meeting bruce

But my friend, who was not shy, shouted hey man, there are some raggy real people here to see you, and the singer was amused and he shucked his entourage and wandered over grinning…”


by brian doyle


Thirty years ago when I was young and strong and stupid and silly and shy I went to the most roaringest rock concert there ever was in New York City on a day so hot I noticed a policeman and his horse sweating so much that water fell like rain beneath the belly of the beast.

Another policeman, a friend of mine, confronted several scalpers until he confiscated great seats up front and we ran into the concert hall just as the band launched into an incredibly loud joyous thunderous riff and I remember leaping as I ran and being as happy as I had ever been in my whole life to date.

The concert roared on for nearly five hours, the band taking a break in the middle and opening the second set in the dark with a long jazzy riff first with just the piano player and then the organist and then the bassist and then a guitarist and then the rest of the band all playing madly all still in the dark, music so sweet and crazy that it still makes me weep to remember it, and then more hours of howling shouting chanting music and the lights all on at the end and the crowd seething and singing and the band finally exhaustedly happily shuffling away and the singer waving as he ran down the tunnel behind the stage and that was the end of the show.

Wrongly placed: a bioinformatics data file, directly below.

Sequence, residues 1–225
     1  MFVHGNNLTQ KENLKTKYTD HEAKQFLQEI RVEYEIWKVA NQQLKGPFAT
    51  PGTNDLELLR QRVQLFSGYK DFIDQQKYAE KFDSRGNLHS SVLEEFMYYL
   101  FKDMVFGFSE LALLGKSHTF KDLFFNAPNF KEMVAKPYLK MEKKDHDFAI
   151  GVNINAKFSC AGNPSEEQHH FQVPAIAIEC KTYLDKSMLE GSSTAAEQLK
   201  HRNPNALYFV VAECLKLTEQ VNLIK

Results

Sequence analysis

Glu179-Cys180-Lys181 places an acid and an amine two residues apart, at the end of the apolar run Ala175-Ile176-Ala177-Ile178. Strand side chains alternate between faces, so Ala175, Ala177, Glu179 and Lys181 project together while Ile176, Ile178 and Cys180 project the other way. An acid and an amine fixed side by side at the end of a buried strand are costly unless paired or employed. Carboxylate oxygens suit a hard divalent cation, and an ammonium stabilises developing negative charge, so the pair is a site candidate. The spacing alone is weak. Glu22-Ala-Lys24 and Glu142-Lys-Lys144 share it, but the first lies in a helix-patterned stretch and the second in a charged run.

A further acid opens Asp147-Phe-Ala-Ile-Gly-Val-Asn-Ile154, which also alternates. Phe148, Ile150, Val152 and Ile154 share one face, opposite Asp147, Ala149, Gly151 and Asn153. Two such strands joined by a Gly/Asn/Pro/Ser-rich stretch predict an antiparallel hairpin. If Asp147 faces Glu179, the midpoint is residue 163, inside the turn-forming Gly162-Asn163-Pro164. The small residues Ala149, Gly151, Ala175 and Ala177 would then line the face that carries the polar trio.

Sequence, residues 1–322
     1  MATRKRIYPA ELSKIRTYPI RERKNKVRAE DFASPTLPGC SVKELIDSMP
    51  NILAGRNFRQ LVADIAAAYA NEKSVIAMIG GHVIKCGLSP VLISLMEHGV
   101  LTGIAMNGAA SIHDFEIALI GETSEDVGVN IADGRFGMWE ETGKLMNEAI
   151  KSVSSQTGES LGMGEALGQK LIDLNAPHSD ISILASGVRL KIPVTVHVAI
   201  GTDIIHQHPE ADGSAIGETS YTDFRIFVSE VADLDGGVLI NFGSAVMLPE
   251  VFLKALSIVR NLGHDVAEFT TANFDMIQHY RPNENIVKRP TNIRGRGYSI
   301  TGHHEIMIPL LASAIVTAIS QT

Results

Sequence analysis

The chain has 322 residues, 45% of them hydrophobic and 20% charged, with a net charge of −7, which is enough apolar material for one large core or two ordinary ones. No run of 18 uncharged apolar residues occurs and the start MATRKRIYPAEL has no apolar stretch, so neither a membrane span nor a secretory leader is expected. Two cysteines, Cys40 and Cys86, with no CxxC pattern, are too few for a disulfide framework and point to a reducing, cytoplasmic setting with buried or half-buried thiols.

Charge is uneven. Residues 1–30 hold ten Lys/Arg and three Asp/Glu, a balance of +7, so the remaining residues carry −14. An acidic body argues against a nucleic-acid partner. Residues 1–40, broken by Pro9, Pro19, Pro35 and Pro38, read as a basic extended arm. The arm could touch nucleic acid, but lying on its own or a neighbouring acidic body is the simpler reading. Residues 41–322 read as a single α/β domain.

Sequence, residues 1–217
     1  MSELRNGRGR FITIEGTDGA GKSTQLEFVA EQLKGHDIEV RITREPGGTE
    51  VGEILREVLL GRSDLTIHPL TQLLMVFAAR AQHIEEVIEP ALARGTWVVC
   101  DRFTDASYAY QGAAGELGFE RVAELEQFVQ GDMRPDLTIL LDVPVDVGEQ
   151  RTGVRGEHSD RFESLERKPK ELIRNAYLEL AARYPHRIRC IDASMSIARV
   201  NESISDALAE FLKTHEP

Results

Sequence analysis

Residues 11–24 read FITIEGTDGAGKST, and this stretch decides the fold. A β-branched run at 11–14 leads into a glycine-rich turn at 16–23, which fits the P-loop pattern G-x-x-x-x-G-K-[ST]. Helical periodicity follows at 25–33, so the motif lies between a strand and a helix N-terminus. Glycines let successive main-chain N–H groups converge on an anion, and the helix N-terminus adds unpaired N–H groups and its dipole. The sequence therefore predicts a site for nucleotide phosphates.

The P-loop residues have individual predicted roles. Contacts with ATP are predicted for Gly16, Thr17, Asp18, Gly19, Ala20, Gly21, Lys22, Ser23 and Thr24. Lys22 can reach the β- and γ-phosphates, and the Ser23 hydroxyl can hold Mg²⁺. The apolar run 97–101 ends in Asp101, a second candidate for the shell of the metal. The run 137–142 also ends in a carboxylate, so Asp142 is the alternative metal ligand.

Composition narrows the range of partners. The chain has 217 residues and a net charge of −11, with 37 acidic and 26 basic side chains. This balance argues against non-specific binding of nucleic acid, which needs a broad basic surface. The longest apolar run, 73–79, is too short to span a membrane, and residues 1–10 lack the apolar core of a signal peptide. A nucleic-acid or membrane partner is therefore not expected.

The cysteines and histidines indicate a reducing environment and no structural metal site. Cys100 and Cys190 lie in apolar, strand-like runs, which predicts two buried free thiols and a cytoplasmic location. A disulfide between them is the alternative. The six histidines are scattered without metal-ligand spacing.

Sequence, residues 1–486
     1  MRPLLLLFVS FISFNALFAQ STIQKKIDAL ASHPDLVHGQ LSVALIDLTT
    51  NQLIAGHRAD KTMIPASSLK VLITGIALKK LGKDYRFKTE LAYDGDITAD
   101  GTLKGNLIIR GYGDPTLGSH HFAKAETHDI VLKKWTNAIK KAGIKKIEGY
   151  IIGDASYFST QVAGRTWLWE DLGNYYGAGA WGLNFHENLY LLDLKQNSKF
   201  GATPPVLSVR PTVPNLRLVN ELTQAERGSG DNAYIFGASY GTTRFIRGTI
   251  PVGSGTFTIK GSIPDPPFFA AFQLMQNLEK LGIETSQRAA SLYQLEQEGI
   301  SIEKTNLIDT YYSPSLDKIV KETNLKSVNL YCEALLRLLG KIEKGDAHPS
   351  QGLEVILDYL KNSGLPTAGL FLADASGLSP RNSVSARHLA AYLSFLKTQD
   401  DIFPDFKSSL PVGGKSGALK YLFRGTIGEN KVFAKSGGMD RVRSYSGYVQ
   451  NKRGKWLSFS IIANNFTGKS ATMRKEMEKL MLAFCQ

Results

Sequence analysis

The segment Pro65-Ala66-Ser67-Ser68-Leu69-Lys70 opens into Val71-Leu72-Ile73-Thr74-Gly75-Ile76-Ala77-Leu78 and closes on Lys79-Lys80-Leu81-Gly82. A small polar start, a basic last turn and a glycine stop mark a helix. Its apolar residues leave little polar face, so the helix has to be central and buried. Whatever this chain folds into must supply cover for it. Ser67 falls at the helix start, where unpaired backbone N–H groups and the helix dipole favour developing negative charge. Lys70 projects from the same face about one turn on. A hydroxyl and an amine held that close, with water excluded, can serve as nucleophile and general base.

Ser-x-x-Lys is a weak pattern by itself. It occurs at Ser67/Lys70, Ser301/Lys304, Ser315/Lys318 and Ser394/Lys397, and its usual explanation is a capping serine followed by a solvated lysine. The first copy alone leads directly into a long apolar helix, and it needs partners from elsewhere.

Another friend of ours persuaded me to try to get backstage and meet the band which I said was insane crazy no way, so of course an hour later he and I were hidden in a closet in the bowels of the old arena, holding our breaths as the night crew clanked and mopped and whistled, me whispering that this is nuts and illegal and they will find our dead bleached bones in this closet some years from now and my friend saying shut up and listen for when they are done so we can cut downstairs, which soon they were done and we cut downstairs, but the vast black basement of the arena was a trackless wilderness with no lights whatsoever, and we wandered down there for a while amid circus and opera trappings and what sure sounded like rats the size of horses until finally we saw a shaky flashlight coming toward us, which I figured was the police and we were screwed for life and doomed to prison in the Tombs, but my friend assumed a commanding tone and spoke sharply to the astonished night watchman and told him sternly that we were supposed to be backstage, we were late for the party at which our attendance was required, would he be so good as to direct us there, which he did, a sweet puzzled man with a mustache like a deceased caterpillar, and minutes later there we were, crouched by an immense keg of excellent beer, as the tennis star Ilie Nastase walked by with two glorious women on his arms and one of the guitarists wandered by with the cocainest eyes I ever saw and various glitterati and journalistas bubbled and burbled importantly, and after a while the singer emerged and was instantly surrounded, but my friend, who was not shy, shouted hey man, there are some raggy real people here to see you, and the singer was amused and he shucked his entourage and wandered over grinning and we started to talk.